The abandonment of the exchange-rate cap between the Swiss franc (CHF) and the euro (EUR) not only has a direct impact on the financial situation of a company, but it may also have short-term and long-term tax and transfer pricing implications.
Foreign currency loans, especially those in EUR or U.S. dollars (USD), granted by Swiss companies have lost approximately 15% of their value. For a company that may have neglected to hedge its foreign currency loans, the depreciation of currencies against the Swiss franc directly translates into losses affecting the tax base of the Swiss company.
Taxpayers need to address this aspect carefully as over the last year. Cantonal and the Swiss federal tax authorities have been raising more and more questions around loans granted by Swiss companies to related parties denominated in foreign currencies, such as EUR or USD.
In particular, there have been challenges with respect to whether a Swiss company would have granted foreign currency loans to unrelated parties at such conditions, with the implication being whether the applied interest rate is at arm’s length or not. Such questions have even arisen when the applied interest rates were in line with the safe-harbor interest rates for loans in foreign currencies annually published by the tax authorities themselves.
Considering the latest developments, it is anticipated that this topic will continue to be a focus of the tax authorities and that losses of Swiss companies due to foreign currency loans will be challenged.
On the other hand, Swiss groups that have granted intra-group loans to their subsidiaries in CHF may be confronted with similar challenges of tax authorities in their subsidiaries’ countries. Additionally, in situations when the optimal level of debt funding has been determined based on local thin capitalization rules, the appreciation of the CHF may lead to a part of the debt to be reclassified as deemed equity, resulting in interest charges not being fully tax deductible at the subsidiaries.
In the last years, exchange rate risk between CHF and EUR was mostly treated as a possibility with low to average likelihood. As a result, little effort was wasted on the question whether the allocation of the foreign exchange (FX) risks truly corresponds to the functional and risk profile of the parties concerned from a transfer pricing perspective.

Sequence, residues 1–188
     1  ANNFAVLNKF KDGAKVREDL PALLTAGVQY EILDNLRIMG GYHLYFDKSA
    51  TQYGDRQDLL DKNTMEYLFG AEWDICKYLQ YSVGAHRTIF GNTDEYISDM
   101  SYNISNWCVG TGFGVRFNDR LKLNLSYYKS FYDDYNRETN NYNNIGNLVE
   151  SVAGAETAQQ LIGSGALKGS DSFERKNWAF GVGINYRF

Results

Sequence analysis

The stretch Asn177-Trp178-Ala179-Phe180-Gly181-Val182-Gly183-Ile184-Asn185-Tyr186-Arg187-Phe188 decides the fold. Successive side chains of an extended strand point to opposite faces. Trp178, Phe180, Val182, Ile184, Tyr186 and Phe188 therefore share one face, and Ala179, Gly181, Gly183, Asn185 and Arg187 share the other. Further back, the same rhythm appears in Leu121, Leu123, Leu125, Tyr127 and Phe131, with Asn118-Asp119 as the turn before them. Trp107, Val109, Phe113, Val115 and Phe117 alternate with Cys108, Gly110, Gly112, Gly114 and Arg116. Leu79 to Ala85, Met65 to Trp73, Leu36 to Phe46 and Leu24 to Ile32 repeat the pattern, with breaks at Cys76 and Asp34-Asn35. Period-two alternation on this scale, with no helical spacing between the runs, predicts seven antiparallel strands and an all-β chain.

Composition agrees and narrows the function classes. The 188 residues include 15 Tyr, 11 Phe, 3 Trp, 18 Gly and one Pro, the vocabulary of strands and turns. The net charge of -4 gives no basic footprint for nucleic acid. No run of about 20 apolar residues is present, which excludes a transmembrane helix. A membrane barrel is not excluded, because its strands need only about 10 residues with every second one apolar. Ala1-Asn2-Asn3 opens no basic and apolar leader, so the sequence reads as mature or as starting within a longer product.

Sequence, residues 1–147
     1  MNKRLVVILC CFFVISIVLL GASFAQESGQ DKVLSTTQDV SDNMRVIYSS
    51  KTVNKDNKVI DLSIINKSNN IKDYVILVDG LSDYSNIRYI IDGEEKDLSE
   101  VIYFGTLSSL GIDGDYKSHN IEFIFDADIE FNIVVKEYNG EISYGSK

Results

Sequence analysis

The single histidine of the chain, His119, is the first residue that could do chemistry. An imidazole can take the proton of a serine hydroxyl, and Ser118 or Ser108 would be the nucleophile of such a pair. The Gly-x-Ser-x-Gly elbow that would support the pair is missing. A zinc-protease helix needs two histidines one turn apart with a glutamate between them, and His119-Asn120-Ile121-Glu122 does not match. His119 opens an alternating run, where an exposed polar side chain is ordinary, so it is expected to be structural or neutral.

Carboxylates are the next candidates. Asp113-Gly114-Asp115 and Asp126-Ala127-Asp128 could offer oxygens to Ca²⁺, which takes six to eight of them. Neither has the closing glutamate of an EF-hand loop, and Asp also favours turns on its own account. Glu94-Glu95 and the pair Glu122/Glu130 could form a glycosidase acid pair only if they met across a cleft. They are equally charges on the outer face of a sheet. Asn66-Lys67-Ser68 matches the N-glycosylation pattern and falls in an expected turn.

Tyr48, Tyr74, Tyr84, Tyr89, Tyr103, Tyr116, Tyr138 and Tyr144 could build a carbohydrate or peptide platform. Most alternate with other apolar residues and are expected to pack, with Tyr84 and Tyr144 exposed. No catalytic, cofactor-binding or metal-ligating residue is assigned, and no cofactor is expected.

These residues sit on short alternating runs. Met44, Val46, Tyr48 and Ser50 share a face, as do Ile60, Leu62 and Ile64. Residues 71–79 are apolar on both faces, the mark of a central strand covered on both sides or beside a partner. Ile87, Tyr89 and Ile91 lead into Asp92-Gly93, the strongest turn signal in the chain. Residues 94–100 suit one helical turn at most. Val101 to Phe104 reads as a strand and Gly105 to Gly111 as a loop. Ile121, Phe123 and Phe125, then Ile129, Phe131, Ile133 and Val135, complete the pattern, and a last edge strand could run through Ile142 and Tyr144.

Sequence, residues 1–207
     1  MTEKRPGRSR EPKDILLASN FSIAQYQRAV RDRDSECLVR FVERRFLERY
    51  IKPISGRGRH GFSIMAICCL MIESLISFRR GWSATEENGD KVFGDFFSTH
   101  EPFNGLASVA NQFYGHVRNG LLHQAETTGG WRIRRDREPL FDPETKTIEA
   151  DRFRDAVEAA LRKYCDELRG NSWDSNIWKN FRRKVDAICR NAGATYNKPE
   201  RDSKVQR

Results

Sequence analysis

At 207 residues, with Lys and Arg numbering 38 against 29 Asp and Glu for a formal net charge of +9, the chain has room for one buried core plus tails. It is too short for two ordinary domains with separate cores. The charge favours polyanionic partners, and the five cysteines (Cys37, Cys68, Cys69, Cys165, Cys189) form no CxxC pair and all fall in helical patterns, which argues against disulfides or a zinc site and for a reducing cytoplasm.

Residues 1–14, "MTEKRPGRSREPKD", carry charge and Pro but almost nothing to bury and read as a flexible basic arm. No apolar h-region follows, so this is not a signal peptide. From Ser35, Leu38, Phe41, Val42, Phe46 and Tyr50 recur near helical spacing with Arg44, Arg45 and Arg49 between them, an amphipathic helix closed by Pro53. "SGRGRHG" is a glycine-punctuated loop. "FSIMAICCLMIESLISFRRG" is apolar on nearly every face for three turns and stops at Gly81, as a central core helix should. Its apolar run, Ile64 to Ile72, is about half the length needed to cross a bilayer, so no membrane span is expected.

Going forward, and especially under the accelerated base erosion and profit shifting (BEPS) discussions, the connection between risk allocation and the people managing the risk has become much closer. This begs the question whether allocating the risk to entities, which despite contractual arrangements do not actually have the resources and competences to manage this risk, is defendable from a tax and transfer pricing perspective.
The aspect of managing foreign exchange risks is also related to hedging activities. In most groups, hedging activities are performed on a group level, based on consolidated financials. This may leave individual group companies with the impact of the current exchange rate fluctuations, e.g., in cases when natural hedges exist at group level which is why positions have not been hedged in the local entities’ books.
However, hedging activities in most cases eliminate risks from exchange rate fluctuations and lock in profits. If no hedging activities are performed on a legal entity level, it may be possible to enter into contractual agreements that allocate the gains or losses from the exchange rate fluctuations among the legal entities of a multinational group. This could reduce fluctuations in the legal entity results.
In light of these exchange developments, some actions to consider include:
Read a February 2015 blog posting by the KPMG member firm in Switzerland: Impact of exchange rate movements on transfer pricing
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